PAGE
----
The Best First Line

What’s the best first sentence? You know, like “It was the best of times; it was the worst of times” or “A long time ago in a galaxy far, far away.” First sentences are important – they set the mood, set the tone, draw you in – but they’re also just kind of fun, even famous in their own right. The American Book Review has even created a list of the top 100 best first lines of all time. “Call me Ishmael” is number one, in case you’re curious. What’s your favorite? Okay, I know, you’re in church, so you’re all thinking that maybe you’d better go with  “In the beginning, God created the heavens and the earth” since God is listening and all, but let’s just assume that one for now. What about “It is a truth universally acknowledged, that a single man in possession of a good fortune, must be in want of a wife.” Or “Marley was dead: to begin with.” Or “In a hole in the ground there lived a hobbit.” Or “Mrs. and Mrs. Dursley, of number four, Privet Drive, were proud to say that they were perfectly normal, thank you very much.”*

There are, of course, tons of first lines to choose from, but I’ll bet that not one of you would pick “In the fifteenth year of the reign of Emperor Tiberius, when Pontius Pilate was governor of Judea, and Herod was ruler of Galilee, and his brother Philip ruler of the region of Ituraea and Trachonitis, and Lysanias ruler of Abilene, during the high priesthood of Annas and Caiaphas, the word of God came to John, son of Zechariah, in the wilderness.” Now, true, this isn’t exactly the first line of Luke’s Gospel, but that line isn’t much better. “Since many have undertaken to set down an orderly account of the events that have been fulfilled among us, just as they were handed on to us by those who from the beginning were eyewitnesses and servants of the word, I too decided, after investigating everything carefully from the very first, to write an orderly account for you, most excellent Theophilus, so that you may know the truth concerning the things about which you have been instructed.”

Oy. That sets the tone for sure, although I’m not sure it really draws you in as much as it makes you imagine yourself in a post-lunch overly-warm lecture hall about to settle in for a long winter’s nap. But you shouldn’t give up on Luke too quickly, because even though he says (twice) that he’s planning on writing an “orderly account,” once he starts writing, he just can’t help himself – he ends up writing a musical. Everyone in his story just keeps breaking into song – Mary and Zechariah and the angel with the multitude of the heavenly host and Simeon…they’re all so full of joy and wonder that they’ve just gotta sing!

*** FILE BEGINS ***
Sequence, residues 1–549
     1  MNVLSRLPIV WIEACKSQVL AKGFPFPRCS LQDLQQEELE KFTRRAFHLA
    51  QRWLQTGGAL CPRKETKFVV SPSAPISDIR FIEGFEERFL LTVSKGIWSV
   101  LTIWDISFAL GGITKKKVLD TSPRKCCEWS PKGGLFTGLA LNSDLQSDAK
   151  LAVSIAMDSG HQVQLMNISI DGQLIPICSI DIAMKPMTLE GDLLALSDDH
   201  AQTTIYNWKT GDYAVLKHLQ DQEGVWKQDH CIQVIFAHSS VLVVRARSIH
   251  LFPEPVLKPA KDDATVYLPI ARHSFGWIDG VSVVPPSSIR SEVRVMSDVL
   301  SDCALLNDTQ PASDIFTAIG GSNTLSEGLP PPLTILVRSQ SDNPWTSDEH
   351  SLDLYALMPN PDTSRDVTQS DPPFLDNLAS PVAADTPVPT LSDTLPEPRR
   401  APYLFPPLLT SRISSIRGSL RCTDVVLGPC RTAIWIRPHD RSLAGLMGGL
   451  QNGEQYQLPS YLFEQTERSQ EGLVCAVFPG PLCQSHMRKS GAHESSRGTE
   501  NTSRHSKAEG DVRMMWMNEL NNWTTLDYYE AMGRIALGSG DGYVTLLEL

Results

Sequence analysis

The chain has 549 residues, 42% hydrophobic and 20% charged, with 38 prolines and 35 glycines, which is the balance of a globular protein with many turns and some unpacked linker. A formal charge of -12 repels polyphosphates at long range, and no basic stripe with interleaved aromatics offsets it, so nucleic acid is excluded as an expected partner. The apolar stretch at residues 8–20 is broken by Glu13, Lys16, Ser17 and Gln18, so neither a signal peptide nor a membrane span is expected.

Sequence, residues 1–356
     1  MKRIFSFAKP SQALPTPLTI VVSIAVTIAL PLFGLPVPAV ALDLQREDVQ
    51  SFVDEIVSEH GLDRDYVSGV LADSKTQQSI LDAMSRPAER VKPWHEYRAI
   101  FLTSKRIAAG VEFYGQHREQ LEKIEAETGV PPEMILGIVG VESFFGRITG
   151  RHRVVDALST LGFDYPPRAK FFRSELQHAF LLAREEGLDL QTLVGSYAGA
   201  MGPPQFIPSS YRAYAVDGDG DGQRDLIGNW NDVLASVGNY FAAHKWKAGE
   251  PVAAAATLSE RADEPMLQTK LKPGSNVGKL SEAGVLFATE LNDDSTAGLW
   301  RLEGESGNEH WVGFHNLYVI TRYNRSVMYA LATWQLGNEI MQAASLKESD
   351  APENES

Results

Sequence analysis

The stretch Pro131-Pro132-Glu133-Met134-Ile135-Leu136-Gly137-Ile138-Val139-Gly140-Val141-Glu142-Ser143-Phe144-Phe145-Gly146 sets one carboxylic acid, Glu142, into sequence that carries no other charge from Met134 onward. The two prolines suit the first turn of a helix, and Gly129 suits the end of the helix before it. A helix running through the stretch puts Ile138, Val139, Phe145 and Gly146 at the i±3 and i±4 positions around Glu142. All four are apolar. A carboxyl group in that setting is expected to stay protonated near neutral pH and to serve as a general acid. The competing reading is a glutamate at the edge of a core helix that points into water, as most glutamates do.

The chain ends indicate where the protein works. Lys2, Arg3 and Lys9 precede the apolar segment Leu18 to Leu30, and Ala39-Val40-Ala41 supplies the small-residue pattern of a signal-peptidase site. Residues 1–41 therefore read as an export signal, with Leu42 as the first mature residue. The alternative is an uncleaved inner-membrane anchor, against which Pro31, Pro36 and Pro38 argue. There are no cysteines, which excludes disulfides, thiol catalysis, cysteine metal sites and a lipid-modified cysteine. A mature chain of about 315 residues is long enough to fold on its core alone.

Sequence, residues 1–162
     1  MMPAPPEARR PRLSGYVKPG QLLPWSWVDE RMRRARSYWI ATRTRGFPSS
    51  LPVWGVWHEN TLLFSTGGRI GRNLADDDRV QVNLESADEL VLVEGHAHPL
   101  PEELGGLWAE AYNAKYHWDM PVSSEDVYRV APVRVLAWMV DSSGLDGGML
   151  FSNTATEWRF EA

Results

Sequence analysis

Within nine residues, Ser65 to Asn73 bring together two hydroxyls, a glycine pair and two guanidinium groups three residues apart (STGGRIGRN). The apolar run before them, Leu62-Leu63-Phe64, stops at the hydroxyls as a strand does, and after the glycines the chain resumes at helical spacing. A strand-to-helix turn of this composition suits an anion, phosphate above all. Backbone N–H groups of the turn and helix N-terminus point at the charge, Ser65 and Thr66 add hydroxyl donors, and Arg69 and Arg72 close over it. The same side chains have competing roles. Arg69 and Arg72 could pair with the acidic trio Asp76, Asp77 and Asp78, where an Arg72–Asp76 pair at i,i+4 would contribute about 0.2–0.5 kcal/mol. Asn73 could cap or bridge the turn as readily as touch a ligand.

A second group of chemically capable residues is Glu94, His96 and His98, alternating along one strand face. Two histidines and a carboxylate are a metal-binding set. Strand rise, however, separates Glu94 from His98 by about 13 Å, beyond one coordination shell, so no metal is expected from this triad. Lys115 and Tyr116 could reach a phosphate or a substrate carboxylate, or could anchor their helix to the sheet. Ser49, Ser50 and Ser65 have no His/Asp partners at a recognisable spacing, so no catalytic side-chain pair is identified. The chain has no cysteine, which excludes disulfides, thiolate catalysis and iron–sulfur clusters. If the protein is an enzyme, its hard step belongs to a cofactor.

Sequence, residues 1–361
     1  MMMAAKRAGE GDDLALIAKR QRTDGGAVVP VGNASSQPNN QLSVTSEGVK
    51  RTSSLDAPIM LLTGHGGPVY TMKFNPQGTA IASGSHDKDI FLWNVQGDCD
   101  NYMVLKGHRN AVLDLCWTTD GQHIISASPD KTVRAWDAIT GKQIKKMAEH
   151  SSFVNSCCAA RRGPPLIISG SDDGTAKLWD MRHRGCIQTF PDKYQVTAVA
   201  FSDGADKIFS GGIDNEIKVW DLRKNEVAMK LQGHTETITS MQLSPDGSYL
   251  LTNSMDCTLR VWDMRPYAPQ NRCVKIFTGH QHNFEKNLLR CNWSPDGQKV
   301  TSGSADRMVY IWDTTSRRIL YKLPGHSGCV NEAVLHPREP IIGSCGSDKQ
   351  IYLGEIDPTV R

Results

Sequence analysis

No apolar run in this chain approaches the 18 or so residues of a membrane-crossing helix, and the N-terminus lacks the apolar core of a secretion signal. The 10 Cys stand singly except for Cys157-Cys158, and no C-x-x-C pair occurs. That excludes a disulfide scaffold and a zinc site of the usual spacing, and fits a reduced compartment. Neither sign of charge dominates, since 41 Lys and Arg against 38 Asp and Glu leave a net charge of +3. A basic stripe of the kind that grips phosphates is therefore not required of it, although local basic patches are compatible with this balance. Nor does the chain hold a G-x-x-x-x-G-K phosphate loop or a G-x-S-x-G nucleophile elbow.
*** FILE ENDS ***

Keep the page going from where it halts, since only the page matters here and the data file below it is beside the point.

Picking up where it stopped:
But now that Luke has gotten to chapter 3, it’s like he suddenly remembers what kind of story he’s supposed to be writing. Right! Right, an orderly account. Okay. Back to lecture. So, during the reign of Emperor Tiberius, etc., etc., etc., But we must be careful here. Because Luke is not just setting the stage for the who, what, where, and when – he is also setting us up. Now most of us have heard this text so many times that we tend to gloss over the first part of it – right, a bunch of historical figures who may or may not appear later on in the story – and we’ve learned to expect the second part, – right, of course the word of God came to John, he is the John, after all, John the Baptizer, the voice in the wilderness, the one who proclaims a baptism of repentance for the forgiveness of sins. Seems self-evident to me. But look again at what Luke sets up here – that in the time of emperors and governors and rulers and princes and principalities and priests and people of immense power, the word of God came not to them but to that guy – that kind of weird guy standing by a stream in the middle of the wilderness.

And the great question is – Why? Why choose that guy? Why would God choose John? Why would God choose John’s unlikely, ancient mother to give birth to him, an unlikely, awkward prophet, just so that God could put his powerful word into John’s unlikely, acerbic mouth. Why John, a nobody, instead of all of those other people who had more money, more power, more prestige, and could certainly have had more impact? We can’t say it’s because they were just inherently unsympathetic to God’s cause or unreceptive to God’s call – you just have to look at the story of the conversion of Paul to know that God is quite happy to find a way of working around that. So why John? Or for that matter, why Abraham? Why an old, old man to be the father of a great nation? Why slippery, shifty Jacob to build the foundation for the twelve tribes of Israel? Why stuttering Moses to be God’s mouthpiece before Pharaoh? Why Ruth? Why David? Why Mary? Why does God always seem to favor the most unlikely people to do his work in the world? If the first line of creation is that in the beginning God lovingly and carefully created heaven and earth, why in the world would he hand over the future of that world to such a bunch of misfits?